Despite broad public opposition to the mine and extensive federal laws in place to protect against mining in watersheds and indigenous areas, the permit was shepherded through—likely by a corruption-prone national government supporting mining as one of the most lucrative and growing industries in the country.
Edwin Gariguez, affectionately known as “Father Edu,” is a Catholic priest, and pastor of the Mangyan Mission Catholic Church on Mindoro Island. Originally from Quezon Province on the island of Luzon, Gariguez has lived and worked on Mindoro for decades. He serves as executive secretary of the National Secretariat for Social Action, Justice and Peace of the Philippine Catholic Church.
Motivated by his religious beliefs and a strong desire to uphold the will of the people to protect their environment, Father Edu co-founded the Alliance Against Mining (ALAMIN), a broad coalition of Mindoro residents, elected officials, civil society groups, church leaders and indigenous peoples who oppose mining on the island. He is not opposed to mining per se, but believes measures to safeguard the environment, protect indigenous communities’ rights and ensure a fair distribution of economic benefits should be required.
Uniting thousands of indigenous peoples, farmers and local and provincial political leaders, Gariguez and his ALAMIN coalition led Mindoro communities in numerous protests. Undeterred by threats of violence and verbal harassment from mining officials and the military—and reeling through the loss of a colleague at ALAMIN who was murdered because of his activism—Father Edu went on to broaden the grassroots movement beyond Mindoro.
In 2002, the local government responded to strong public opposition by passing an island-wide moratorium that required Intex to stop any activities related to large-scale mining. Intex ignored the local ordinance and continued business as usual. This egregious violation of the people’s rights led Father Edu to take his fight overseas, traveling to Europe to address Norwegian parliamentarians and Intex shareholders. In conjunction with a Norwegian NGO, Father Edu filed a complaint with the Organization for Economic Cooperation and Development.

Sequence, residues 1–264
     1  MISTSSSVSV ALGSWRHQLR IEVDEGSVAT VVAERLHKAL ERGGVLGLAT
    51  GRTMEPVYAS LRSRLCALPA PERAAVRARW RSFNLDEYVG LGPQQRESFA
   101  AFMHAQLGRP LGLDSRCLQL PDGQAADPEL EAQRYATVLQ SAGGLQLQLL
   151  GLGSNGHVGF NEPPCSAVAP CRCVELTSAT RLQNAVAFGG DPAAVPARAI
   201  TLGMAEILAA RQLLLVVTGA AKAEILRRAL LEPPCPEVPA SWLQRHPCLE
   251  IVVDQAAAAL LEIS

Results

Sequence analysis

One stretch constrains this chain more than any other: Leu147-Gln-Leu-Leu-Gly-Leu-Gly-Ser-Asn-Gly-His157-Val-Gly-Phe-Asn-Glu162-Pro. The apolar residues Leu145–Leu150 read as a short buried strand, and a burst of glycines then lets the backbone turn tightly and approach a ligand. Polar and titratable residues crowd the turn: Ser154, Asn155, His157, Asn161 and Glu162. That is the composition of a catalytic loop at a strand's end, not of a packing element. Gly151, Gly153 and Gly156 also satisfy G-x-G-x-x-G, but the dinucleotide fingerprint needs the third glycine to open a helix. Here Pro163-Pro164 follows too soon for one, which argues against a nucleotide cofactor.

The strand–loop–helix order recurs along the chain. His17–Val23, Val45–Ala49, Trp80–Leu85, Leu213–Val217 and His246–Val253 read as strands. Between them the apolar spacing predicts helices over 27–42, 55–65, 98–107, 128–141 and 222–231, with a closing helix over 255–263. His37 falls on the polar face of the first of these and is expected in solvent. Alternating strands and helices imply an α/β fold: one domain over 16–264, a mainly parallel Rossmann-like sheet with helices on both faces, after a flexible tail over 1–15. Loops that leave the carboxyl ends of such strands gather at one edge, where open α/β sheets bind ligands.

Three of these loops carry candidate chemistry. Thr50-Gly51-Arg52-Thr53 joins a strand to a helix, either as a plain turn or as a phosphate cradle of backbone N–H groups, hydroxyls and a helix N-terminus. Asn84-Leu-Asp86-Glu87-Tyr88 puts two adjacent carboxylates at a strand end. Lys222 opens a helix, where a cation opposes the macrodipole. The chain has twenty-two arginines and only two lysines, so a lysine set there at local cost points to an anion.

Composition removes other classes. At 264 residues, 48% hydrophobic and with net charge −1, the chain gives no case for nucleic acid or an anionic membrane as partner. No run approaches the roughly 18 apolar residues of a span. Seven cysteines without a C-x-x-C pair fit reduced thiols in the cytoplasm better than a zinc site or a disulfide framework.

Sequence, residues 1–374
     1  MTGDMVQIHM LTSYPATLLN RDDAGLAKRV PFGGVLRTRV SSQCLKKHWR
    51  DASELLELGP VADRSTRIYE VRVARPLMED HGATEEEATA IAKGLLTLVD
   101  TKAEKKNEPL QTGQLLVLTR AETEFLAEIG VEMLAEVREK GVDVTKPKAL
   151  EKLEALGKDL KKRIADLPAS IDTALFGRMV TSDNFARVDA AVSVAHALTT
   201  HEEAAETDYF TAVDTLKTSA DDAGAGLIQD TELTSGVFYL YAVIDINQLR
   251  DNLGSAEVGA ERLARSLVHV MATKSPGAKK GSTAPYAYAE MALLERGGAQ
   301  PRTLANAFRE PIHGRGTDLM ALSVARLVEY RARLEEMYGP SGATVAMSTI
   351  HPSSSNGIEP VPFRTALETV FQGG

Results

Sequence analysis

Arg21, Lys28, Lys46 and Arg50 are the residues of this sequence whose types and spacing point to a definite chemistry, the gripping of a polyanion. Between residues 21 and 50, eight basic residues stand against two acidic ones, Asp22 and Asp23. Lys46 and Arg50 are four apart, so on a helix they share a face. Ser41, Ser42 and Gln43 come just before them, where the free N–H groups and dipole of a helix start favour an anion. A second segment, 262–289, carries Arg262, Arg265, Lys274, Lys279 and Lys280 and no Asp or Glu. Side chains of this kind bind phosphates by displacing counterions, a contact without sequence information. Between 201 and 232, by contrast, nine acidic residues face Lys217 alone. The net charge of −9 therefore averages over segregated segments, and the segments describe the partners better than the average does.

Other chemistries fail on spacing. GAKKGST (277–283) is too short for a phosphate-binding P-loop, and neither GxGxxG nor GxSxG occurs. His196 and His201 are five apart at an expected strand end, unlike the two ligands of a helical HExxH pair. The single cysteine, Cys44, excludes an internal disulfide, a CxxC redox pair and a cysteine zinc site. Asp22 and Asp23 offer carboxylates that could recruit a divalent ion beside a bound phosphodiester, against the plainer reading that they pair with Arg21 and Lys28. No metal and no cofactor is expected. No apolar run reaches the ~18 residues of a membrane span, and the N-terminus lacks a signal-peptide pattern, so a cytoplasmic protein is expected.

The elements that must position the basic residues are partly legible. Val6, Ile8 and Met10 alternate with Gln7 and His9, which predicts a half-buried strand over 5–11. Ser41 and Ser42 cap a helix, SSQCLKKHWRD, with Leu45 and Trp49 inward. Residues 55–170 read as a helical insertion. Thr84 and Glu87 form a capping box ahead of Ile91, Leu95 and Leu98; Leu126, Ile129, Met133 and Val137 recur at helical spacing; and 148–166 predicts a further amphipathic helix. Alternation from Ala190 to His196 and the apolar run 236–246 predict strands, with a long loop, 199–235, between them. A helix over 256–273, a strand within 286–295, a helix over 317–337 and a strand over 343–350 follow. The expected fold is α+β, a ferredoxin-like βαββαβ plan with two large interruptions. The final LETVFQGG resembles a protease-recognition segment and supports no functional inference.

Due to the negative international attention Father Edu brought on the mining project, nervous Intex shareholders began asking detailed questions about the mine. At the same time, Father Edu put pressure on his own government to uphold its laws and maintain better oversight of the mine project. In 2009, he led an 11-day hunger strike until the federal Department of Environment and Natural Resources (DENR) finally agreed to conduct an investigation into the mine’s environmental and social violations. DENR indefinitely revoked Intex’s permit, halting the mine. As a result, major funders, including Goldman Sachs, divested of their funding, leading Intex to make an unsuccessful attempt to sell the $2.4 billion project in 2010. Shortly after the botched sale, Intex’s CEO resigned due to “severe setbacks.”
Meanwhile, the Philippines’ president, who took office in June 2010, stated that he will fight corruption and take a comprehensive look at mining. Father Edu has made it clear that he will sustain pressure on the government to follow through with its pledges.